Our medical records are vitally important for a number of reasons. They obviously are the method by which our current doctors follow our health and our health care. They're also important to provide background if you need to see a specialist and to bring new doctors up-to-speed. Our medical records are the records of the people with whom we literally entrust our lives. Let's explore some of the issues regarding medical records. This applies not only to doctors who care for you for your headaches or Migraines, but for any doctor for any condition.
Medical records are also the subject of many discussions on our forum and elsewhere and of many of the emails I receive. You have legitimately important questions, and you should. You ask:
- May I see my chart at my doctor's office?
- Do I have a right to and how do I obtain a copy of my records from my doctor?
- My doctor says he can only give a copy of my records to another doctor, not directly to me. Is this true?
- What do I do if I find an error in my medical records?
- What do I do if I disagree with something my doctor said about me in my records?
Getting some answers
There are answers to these questions. It may seem strange, but the answers lie in the Health Insurance Portability and Accountability Act of 1996 (HIPAA). HIPAA applies not only to health insurance, but privacy and medical records issues as well. So, let's answer those questions...
- HIPAA gives you the right to see your medical records in your doctors' offices.
- HIPAA not only allows your doctor to give a copy of your medical records directly to you, it requires it.
- In most cases, the copy must be provided to you within 30 days. That time frame can be extended another 30 days, but it's required that you be given a reason for the delay.
- You may not be able to get all of your information in a few special cases. For example, if your doctor decides something in your file might endanger you or someone else, the doctor may not have to give this information to you.
- You may be charged for making and mailing copies. From a U.S. Health and Human Services FAQ: Q. "If patients request copies of their medical records as permitted by the Privacy Rule, are they required to pay for the copies?" A. "The Privacy Rule permits the covered entity to impose reasonable, cost-based fees. The fee may include only the cost of copying (including supplies and labor) and postage, if the patient requests that the copy be mailed. If the patient has agreed to receive a summary or explanation of his or her protected health information, the covered entity may also charge a fee for preparation of the summary or explanation. The fee may not include costs associated with searching for and retrieving the requested information. See 45 CFR 164.524."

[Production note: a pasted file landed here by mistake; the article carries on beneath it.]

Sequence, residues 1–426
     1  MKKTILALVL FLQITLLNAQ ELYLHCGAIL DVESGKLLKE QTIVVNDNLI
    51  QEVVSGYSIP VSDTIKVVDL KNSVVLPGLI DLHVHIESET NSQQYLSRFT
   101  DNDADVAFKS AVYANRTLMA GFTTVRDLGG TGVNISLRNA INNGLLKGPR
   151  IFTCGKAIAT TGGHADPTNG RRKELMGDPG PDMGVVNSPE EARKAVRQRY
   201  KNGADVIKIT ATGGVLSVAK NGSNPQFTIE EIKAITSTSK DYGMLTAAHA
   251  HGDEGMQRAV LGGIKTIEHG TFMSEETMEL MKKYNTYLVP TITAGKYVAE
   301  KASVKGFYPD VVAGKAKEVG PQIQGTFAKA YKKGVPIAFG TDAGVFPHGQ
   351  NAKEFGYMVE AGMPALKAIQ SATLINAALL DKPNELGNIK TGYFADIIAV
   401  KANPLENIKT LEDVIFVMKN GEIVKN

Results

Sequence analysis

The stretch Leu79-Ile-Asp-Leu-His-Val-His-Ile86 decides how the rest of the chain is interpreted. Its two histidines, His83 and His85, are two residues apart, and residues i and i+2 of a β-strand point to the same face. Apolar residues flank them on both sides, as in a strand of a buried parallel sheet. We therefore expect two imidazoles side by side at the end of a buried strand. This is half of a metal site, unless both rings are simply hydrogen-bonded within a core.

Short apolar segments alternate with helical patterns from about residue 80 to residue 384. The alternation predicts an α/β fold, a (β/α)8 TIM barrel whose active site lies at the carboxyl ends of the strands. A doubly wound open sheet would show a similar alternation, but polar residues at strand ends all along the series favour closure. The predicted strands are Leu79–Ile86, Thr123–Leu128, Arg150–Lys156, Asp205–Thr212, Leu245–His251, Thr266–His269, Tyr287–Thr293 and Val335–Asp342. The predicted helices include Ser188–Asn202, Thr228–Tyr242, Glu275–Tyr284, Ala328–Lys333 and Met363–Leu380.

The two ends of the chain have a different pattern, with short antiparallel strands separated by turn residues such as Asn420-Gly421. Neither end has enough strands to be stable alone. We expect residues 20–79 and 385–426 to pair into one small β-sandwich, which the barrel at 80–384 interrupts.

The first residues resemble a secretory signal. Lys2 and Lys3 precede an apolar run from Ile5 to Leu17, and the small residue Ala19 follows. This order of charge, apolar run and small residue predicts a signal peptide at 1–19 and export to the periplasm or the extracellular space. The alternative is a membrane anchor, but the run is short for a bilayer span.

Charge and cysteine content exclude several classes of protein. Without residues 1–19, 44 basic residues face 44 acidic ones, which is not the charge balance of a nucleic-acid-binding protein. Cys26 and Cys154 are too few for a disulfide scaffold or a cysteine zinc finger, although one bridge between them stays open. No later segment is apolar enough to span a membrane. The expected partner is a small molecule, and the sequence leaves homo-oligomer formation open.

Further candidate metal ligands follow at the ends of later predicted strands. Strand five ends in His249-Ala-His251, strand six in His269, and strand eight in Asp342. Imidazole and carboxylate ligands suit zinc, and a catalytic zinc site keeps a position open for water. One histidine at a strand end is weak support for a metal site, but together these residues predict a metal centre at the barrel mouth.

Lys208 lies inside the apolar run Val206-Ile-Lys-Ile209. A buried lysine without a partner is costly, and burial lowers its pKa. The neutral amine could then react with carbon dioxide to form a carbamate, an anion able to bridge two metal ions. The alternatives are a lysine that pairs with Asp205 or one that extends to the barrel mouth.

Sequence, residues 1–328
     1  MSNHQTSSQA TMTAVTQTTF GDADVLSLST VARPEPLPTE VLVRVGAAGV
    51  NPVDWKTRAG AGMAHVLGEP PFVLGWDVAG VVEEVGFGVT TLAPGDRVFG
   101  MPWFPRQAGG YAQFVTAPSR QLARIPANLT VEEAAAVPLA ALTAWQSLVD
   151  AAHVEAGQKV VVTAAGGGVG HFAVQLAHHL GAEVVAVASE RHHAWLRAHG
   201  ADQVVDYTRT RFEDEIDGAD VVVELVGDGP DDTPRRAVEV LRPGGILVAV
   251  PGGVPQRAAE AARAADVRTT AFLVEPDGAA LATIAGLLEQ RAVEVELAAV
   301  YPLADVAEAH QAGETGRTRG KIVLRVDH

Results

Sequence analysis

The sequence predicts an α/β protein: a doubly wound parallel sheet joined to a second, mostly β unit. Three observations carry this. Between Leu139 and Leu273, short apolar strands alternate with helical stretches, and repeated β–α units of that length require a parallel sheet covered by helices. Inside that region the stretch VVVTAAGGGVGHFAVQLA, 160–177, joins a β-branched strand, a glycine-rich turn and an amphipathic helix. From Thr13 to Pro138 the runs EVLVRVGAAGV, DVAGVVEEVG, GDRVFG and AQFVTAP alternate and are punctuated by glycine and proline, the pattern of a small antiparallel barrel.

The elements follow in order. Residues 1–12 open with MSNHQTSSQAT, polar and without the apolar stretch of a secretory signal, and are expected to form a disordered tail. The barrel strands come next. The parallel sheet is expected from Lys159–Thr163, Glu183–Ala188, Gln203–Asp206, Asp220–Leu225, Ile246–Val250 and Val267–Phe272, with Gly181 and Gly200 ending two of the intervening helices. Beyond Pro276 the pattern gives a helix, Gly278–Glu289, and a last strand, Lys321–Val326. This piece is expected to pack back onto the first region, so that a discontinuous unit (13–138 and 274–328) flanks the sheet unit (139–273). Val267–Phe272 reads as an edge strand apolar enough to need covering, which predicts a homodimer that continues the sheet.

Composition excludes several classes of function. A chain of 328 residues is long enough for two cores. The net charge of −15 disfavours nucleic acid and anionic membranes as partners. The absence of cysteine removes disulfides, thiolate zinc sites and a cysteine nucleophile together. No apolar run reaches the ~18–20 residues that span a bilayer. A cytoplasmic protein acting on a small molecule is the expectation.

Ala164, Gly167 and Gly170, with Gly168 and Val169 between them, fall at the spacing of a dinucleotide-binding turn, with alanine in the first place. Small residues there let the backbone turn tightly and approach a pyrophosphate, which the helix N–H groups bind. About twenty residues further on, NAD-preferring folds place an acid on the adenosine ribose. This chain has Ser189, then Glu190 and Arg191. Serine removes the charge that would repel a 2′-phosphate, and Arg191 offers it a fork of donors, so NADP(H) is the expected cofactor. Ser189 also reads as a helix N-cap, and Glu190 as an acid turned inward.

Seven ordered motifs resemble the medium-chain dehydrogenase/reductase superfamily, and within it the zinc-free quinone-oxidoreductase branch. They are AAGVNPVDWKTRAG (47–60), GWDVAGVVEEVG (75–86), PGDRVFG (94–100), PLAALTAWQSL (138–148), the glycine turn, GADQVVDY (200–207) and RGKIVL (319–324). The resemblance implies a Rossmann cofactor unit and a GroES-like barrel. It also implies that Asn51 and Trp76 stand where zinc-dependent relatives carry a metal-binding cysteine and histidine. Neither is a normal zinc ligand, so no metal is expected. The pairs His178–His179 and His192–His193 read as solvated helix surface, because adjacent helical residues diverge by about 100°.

- If you find an error in your medical records, you can request that it be corrected or add information to your file if it is incomplete. For example, if you and your doctor agree that there's an error such as what medication was prescribed, he must change it. Even if your doctor doesn't agree that there's an error, you have the right to have your disagreement noted in your records. In most cases the file should be changed within 60 days, but it can take an additional 30 days if you're given a reason.
The bottom line
HIPAA, the same act that regulates how our health information is handled to protect our privacy, also gives us the right to see and obtain a copy of our records and to dispute anything we feel is erroneous or has been omitted. If you have difficulty with either of these issues, simply asking the office staff personnel involved to review HIPAA regulations will usually be enough to resolve the situation.
This is, however, one of those areas where it's sometimes best to "choose your battles" wisely. There may be times when demanding a copy of your records or insisting that you disagree with something in your records isn't worth the time or stress involved. Doctors will usually send a copy of your records to a new doctor at no charge, as a professional courtesy. This could be easier and far less stressful. If an error or omission in your records is minor, it might be not be worth pursuing and risking a problem in the relationship with your doctor and his or her staff. These are considerations, but only you can make the final decision.
HIPAA also regulates what medical information may be released to whom and for what purposes. For more information about HIPAA, visit the U.S. Department of Health and Human Services Office for Civil Rights - HIPAA Web site.